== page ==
Curious how containers are portable across development/testing/cloud environments with no worry needed about the underlying infrastructure. Does the Docker Engine essentially standardize operating systems to the point where the engine is able to launch the same container from the different operating systems? Or does a cloud deployment environment for the container(s) need to be running Linux if the development environment was also running Linux? Thanks!


No Docker engine alone doesn't do that. The underlying system still has to run the appropriate OS kernel to be able to run a container written for that family of operating system.

There are however, tools built on top of Docker engine, like Docker for Mac, Docker for Windows, and Docker Machine, which automatically creates and runs a virtual machine, so you can, for example, run Linux container on a Mac or Windows almost seamlessly (with a couple caveats with mounted folders). This is possible because the Docker command line clients are build as a remote client that talks to the Docker daemon, so it doesn't really matter whether the daemon and the client are actually running on the same physical machine.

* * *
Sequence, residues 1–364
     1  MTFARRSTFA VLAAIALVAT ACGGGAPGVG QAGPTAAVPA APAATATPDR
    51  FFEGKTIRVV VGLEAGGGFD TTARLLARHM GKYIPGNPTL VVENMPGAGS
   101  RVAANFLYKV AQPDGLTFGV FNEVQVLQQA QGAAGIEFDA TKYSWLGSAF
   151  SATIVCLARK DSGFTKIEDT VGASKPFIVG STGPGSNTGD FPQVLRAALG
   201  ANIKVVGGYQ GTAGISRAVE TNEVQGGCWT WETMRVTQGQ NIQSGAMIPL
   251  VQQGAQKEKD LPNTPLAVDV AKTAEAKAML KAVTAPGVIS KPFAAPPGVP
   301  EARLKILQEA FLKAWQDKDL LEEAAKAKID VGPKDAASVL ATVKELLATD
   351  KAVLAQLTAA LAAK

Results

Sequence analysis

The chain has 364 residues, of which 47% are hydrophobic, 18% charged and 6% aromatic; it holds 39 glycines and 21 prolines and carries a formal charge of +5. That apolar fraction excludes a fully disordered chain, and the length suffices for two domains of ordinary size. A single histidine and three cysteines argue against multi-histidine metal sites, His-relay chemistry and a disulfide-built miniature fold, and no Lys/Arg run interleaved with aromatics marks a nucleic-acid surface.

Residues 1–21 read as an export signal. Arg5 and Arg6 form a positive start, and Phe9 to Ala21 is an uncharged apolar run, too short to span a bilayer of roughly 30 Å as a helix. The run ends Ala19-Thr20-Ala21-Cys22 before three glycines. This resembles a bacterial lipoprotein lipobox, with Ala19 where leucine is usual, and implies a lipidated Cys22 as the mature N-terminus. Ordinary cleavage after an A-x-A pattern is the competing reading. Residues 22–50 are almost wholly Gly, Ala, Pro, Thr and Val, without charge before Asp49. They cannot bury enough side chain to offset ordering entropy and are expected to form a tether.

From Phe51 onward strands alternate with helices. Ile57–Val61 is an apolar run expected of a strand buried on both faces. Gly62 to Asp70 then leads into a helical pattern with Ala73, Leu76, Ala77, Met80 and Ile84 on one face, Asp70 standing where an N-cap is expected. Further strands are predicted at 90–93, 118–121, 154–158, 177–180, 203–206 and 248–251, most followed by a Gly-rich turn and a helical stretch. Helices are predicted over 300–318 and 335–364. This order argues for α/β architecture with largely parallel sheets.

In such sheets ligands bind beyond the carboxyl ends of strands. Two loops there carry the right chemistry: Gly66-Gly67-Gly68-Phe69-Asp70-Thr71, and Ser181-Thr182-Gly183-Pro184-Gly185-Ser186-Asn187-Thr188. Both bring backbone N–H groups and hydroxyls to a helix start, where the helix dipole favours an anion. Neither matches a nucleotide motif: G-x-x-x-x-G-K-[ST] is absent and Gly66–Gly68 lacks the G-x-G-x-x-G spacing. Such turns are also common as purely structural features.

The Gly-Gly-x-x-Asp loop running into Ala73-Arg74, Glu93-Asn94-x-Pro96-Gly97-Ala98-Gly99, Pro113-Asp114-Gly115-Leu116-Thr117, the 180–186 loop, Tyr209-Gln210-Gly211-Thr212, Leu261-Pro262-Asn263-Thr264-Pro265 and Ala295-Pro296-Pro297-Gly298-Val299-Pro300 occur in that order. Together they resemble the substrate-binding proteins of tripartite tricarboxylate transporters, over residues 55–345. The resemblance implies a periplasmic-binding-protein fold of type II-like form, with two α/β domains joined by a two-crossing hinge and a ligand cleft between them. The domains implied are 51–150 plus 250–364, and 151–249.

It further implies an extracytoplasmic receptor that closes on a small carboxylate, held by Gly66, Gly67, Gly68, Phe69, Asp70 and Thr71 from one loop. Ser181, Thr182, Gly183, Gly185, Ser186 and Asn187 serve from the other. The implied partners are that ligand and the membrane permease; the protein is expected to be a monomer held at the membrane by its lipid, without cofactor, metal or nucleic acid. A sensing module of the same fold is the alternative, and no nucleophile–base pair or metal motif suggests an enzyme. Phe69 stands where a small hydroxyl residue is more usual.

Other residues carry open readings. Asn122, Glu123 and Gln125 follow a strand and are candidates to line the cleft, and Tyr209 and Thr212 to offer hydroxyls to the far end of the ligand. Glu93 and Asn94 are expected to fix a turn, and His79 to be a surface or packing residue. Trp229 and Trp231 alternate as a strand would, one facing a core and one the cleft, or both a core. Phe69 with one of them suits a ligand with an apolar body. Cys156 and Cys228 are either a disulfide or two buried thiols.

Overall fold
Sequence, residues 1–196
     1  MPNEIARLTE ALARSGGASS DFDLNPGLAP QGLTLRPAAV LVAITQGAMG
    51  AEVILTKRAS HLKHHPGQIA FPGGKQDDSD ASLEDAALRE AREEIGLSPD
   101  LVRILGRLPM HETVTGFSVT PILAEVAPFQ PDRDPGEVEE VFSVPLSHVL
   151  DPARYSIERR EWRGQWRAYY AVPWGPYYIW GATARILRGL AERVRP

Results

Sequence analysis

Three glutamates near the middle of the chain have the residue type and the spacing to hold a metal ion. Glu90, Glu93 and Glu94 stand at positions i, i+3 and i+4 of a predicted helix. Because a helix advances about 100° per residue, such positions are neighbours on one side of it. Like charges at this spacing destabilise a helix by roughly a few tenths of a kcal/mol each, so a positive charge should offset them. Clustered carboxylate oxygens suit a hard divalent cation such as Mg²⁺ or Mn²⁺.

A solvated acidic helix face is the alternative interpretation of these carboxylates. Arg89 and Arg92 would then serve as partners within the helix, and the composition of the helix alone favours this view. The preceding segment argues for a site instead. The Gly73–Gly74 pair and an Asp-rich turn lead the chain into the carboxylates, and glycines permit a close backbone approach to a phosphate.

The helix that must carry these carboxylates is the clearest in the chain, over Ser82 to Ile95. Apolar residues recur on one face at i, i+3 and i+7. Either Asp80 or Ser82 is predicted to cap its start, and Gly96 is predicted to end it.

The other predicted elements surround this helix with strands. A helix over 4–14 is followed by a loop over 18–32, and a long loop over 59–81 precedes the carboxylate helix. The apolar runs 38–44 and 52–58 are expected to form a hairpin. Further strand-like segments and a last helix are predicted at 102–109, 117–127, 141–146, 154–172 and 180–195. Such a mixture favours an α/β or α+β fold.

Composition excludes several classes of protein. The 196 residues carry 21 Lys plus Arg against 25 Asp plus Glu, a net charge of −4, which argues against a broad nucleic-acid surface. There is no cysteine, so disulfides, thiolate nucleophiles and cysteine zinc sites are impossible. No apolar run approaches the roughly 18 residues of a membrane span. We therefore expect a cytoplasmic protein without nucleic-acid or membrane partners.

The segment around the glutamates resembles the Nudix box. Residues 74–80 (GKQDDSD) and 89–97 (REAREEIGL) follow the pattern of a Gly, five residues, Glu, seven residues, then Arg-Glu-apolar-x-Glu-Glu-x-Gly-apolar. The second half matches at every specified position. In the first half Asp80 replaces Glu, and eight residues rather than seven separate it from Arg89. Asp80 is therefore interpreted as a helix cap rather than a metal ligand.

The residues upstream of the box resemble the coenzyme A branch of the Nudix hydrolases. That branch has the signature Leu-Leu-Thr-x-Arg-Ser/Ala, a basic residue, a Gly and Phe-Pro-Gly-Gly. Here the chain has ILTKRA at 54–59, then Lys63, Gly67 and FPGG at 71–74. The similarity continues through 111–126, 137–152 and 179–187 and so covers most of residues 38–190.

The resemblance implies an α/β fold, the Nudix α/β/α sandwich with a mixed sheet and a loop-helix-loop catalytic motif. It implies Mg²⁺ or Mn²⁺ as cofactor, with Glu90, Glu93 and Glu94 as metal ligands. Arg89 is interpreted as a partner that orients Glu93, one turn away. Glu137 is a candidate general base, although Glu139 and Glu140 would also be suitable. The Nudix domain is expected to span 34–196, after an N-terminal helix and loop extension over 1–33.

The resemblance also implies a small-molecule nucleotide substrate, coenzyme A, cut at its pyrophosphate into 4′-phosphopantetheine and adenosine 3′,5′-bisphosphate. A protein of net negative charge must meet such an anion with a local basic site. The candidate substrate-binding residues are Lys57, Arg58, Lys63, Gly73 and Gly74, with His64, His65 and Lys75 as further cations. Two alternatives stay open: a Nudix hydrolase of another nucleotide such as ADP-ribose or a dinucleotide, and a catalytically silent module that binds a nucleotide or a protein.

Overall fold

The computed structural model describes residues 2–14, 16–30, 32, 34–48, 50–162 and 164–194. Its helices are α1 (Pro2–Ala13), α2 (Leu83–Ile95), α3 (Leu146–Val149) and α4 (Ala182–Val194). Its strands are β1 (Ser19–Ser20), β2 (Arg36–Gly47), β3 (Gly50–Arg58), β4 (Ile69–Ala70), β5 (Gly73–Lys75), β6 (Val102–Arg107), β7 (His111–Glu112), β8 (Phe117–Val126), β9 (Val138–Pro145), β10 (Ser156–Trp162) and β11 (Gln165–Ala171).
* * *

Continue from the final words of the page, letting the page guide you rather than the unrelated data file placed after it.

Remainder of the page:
There are also orchestration tools built on top of Docker engine, like Docker Swarm, that can, to some degree, run with mixed cluster of Docker engines running on top different operating system, to create a cluster hybrid engine that can run a mix of Linux and Windows containers.

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